“Mindfulness is the practice of purposely bringing one’s attention in the present moment without evaluation, a skill one develops through meditation or other training.”Wikipedia.


Mindfulness differs from having your mind full of things; while the mind is used for problem-solving, it is often difficult to get the mind to focus on the present as it wanders away to dreamland, with various imaginations, fiction, and past events. Mindfulness requires conscious and intentional efforts to focus the mind. This practice is primarily accomplished through constant meditation and training, in which the mind is forced to think, analyze, and focus in order to find a solution.

Continuous meditation and patience are required to teach the mind to be still and focused.


Mindfulness in philosophy dates back 2,500 years to Buddhist psychology, where the word Sati is translated to mean mindfulness, which means awareness, attention, and remembrance in their understanding. This act is now practiced in other religions such as Islam, Christianity, Judaism, and others.


Kabat Zinn developed the mindfulness Based Stress Reduction (MSBR) course at Massachusetts Medical School in 1990 with the goal of combating stress and pain in the participants. Kabat-techniques Zinn’s include breathing meditation, Yoga, and body scanning. Since then, these techniques have been used to treat conditions and addictions such as depression and drug abuse.


Some of the advantages of mindfulness practice are as follows:


      Increases kindness, compassion, and acceptance of oneself and others.

      Improves self-control.

      Reduces the impact of fatigue and tiredness.

      Improves relaxation and concentration.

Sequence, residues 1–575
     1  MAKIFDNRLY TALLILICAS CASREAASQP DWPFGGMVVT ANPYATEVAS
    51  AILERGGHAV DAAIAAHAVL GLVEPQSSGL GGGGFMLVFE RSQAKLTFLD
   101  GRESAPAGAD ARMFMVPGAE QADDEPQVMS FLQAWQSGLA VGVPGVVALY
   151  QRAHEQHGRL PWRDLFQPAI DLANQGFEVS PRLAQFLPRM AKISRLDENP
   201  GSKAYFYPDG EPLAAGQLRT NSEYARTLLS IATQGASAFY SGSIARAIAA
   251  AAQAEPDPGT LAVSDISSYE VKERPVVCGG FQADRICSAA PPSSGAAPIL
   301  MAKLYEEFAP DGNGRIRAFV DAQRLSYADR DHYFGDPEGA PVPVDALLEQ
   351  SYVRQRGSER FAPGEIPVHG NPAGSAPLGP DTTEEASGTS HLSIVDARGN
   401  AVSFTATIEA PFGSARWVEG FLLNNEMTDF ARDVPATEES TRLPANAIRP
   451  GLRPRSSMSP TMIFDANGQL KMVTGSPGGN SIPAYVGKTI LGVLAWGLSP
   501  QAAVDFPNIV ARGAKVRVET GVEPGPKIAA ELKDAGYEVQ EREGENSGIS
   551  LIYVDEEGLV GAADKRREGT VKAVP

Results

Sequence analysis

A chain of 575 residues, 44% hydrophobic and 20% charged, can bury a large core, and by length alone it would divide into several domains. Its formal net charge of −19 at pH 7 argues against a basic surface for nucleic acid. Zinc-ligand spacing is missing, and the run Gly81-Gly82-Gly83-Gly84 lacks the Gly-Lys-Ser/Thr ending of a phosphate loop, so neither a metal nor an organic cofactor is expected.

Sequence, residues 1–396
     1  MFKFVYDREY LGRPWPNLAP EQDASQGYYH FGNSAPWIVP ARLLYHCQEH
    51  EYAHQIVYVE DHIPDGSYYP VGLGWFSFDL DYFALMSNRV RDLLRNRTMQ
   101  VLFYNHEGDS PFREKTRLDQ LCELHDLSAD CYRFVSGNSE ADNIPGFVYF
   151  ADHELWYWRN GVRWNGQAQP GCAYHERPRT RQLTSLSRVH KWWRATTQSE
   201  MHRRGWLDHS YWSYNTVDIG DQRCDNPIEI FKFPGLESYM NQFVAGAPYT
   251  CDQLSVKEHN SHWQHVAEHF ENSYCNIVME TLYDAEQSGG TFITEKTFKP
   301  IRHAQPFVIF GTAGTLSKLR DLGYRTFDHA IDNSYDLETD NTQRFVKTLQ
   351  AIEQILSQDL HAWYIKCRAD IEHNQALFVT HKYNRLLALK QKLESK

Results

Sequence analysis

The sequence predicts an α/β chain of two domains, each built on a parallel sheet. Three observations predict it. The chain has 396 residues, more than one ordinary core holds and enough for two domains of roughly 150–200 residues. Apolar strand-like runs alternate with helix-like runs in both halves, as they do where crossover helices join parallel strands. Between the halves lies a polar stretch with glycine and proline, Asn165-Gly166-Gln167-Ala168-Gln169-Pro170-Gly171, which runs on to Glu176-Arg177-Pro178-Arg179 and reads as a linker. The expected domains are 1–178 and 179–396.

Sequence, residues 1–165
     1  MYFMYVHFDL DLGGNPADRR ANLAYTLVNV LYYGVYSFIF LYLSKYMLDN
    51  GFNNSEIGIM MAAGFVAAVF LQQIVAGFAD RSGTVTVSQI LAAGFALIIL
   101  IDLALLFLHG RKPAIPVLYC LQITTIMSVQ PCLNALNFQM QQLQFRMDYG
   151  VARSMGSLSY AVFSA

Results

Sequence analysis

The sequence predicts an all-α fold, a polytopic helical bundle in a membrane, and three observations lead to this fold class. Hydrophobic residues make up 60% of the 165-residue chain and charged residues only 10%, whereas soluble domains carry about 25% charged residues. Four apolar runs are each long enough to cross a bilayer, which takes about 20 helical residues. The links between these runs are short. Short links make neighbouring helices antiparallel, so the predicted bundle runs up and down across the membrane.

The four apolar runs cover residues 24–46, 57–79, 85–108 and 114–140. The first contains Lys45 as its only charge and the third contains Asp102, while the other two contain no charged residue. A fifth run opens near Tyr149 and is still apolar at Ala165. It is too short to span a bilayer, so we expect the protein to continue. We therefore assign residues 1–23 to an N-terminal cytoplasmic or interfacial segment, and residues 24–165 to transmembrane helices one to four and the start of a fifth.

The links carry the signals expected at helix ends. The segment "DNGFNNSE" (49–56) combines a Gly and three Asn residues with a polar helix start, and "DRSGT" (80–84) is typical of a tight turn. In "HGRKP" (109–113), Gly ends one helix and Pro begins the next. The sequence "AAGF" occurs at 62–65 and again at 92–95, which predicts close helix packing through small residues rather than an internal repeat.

Enhances the ability to tolerate.

      Enhances the ability to remain calm and composed.

      Enhances concentration and clarity.

      Enhances emotional intelligence.

      Alleviates anxiety.

      It alleviates depression.

      Increases happiness.

      Strengthens the ability to tolerate.

      Improves sleep disorder symptoms.

      Aids in pain management.

      Enhances one’s quality of life.

      Improves one’s sense of well-being.


Mindfulness can be practiced in a variety of ways, including:


  1. Meditation – This is the practice of concentrating one’s mind on a specific object, sound, concept, activity, or thought in order to achieve a clear mental state.
  2. Maintaining a Gratitude Journal – This entails keeping a journal and writing down positive feelings and thoughts. This forces the mind to focus on the positives rather than the negatives, allowing you to be more mindful of the positives. Journals can be kept manually or digitally.
  3. Conscious Breathing “The way to release all the tension is with our mindful breath,” said renowned teacher Thick Nhat Hanh. As a result, we always begin with mindfulness. Conscious breathing exercise is one method of practicing mindfulness because it trains the mind to focus by allowing you to focus on your breathing.
  4. Mindful Mantras – This is the use of affirmative and positive language, such as “I am unique” and “I am blessed.” The constant repetition of words like this assists the mind in focusing on the positives.
  5. Exercising – While exercising, the mind is conditioned to focus on a target and is free of wandering thoughts; this is both mental and physical training.


As important and intriguing as mindfulness may sound, it is not suitable for everyone. For example, someone who has experienced trauma may find that practicing mindfulness brings back unpleasant memories and distress. If mindfulness is to be practiced on such a person, it will necessitate the involvement of a professional who can help combine mindfulness and treatment while taking into account the type of trauma such a person has experienced.